James Madison Papers

To James Madison from Jacob Crowninshield, 18 August 1807

Salem 18th. August 1807.

Dear Sir

Altho’ I presumed all treaty discussions with Great Britain would be suspended, until satisfaction was obtained for the late outrage on the Chesapeake, yet as we are not altogether without hope of an accommodation, I thought it right to put you in possession of the inclosed letter, as it would serve to unfold the view the British Government, & their Merchants, have already taken of a capital branch of the India trade, at a time too, when the Treaty is understood to be confidential. I think it is evident from reading the letter, that a material article in the Treaty has been suffered to be promulgated on the part of the British Governt. How far this conduct is justifiable you will judge. The more I reflect on this provision in the Treaty, the more I am convinced of its injurious tendency. It would operate in a thousand ways to the injury of this country. And I can not but repeat my most ardent hope that it will be disagreed to, & that at the least, we shall stand on no worse ground, in this respect, than we did before.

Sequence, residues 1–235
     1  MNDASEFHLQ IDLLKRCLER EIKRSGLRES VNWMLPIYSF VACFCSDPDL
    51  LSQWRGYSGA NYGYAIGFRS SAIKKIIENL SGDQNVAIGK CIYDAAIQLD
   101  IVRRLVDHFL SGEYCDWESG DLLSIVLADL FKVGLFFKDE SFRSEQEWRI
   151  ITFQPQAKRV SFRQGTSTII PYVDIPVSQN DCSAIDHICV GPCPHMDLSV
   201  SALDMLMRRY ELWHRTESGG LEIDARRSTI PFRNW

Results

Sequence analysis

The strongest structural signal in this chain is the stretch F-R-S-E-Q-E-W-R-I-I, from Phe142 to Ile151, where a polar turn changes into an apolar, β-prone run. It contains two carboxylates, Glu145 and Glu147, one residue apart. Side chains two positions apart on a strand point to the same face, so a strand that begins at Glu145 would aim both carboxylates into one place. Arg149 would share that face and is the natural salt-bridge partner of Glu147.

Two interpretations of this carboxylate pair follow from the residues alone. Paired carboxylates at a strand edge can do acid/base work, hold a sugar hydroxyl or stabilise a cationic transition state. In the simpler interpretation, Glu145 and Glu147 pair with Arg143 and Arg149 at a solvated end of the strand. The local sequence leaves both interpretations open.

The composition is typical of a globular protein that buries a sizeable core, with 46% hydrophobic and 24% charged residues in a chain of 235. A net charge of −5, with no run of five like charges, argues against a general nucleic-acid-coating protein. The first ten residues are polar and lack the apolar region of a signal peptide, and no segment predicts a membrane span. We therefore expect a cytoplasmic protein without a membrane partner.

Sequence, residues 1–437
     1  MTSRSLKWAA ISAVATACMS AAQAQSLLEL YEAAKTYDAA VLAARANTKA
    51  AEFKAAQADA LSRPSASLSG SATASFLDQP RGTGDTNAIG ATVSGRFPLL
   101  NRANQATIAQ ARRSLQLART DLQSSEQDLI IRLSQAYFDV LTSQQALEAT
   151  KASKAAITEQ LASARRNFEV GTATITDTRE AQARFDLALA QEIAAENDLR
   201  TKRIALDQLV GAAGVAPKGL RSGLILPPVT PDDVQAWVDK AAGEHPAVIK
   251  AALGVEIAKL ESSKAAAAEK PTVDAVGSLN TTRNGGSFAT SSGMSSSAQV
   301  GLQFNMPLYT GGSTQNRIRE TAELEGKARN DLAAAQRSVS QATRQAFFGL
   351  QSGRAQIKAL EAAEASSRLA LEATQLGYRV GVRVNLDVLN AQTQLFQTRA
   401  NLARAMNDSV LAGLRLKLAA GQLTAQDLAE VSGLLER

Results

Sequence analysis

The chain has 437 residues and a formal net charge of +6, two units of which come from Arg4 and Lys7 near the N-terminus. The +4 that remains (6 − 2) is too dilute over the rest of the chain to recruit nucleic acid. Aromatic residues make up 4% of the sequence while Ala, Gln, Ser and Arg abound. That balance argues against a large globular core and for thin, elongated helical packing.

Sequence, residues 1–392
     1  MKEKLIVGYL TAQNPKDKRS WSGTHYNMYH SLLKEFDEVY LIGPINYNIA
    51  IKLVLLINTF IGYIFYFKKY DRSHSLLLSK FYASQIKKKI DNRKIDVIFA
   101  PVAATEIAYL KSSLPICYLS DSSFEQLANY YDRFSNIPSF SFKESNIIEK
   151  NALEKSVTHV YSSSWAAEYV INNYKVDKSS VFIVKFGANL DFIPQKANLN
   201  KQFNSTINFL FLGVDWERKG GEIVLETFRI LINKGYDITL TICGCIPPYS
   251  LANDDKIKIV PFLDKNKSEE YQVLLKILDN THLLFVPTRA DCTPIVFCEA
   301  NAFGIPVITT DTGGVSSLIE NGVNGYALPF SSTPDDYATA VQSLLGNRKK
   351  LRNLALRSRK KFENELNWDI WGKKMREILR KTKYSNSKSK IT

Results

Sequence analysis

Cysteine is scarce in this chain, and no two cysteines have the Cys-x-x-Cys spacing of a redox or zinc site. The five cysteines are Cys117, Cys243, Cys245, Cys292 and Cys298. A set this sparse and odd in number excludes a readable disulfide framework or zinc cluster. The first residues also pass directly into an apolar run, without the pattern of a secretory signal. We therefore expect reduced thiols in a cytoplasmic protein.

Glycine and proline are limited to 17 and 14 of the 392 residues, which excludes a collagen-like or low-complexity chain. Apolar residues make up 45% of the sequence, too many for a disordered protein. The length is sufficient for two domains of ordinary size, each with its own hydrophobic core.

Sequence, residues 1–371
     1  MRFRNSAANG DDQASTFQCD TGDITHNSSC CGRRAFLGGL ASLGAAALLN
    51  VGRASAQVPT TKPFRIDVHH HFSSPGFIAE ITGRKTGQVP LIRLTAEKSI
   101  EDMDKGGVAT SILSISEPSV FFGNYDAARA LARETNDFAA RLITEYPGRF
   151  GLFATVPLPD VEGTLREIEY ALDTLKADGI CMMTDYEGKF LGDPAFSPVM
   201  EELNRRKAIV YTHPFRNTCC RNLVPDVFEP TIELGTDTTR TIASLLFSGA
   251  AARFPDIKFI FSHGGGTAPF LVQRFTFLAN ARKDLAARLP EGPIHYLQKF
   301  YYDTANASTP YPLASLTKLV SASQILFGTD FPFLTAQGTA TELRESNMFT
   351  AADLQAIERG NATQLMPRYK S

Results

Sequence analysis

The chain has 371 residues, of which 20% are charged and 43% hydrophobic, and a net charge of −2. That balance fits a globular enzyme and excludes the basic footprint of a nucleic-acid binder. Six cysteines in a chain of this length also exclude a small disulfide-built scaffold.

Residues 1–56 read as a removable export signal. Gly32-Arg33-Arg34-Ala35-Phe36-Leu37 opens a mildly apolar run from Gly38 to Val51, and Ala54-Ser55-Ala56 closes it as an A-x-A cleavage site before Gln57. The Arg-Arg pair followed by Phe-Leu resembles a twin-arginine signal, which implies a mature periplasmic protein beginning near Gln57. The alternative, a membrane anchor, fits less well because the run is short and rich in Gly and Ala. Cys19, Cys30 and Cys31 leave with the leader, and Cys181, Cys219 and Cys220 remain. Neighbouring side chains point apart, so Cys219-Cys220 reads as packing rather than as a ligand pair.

I presume the commercial Statements which I sent you in the Spring arrived safe, tho’ I had not the pleasure of hearing that they did.

The unequalled insult offered to the nation by the British squadron on our Coast, has called out the true American Spirit. There will be no considerable opposition to any measure of retaliation that may be resorted to. If England will do us justice so much the better, but if she attempts to palliate or excuse it, we shall certainly be united in obtaining satisfaction for ourselves. The New England States will go with the Administration in any system calculated to give effect to its just demands for reparation. I think you need have no fears on that head, notwithstanding what you may See in one or two federal prints. I have the honor to be with great respect & esteem your Obedt. Servt.

Jacob Crowninshield

PS. The ship Recovery Capt. Webb of this port, belonging to Genl. Derby, & loaded with Cotton, from Bombay is now detained in England, for an alledged breach of the Treaty of ’94. She came to Salem, lay here some time, & took a new Captain & crew, & proceeded for a market in Europe without landing her cargo in America. The arguments of counsel have been heard in her case, but the Judge has suspended his decision, & it is presumed he is waiting to know the fate of the new treaty. Is it not Singular a question of condemnation should arise upon an article in a treaty evidently not in existence? She is a valuable vessel, worth 70.000 dolrs, and it is expected she will be condemned. If this course is pursued under the old provision it will certainly be much worse under the new.

DLC: Papers of James Madison.

Index Entries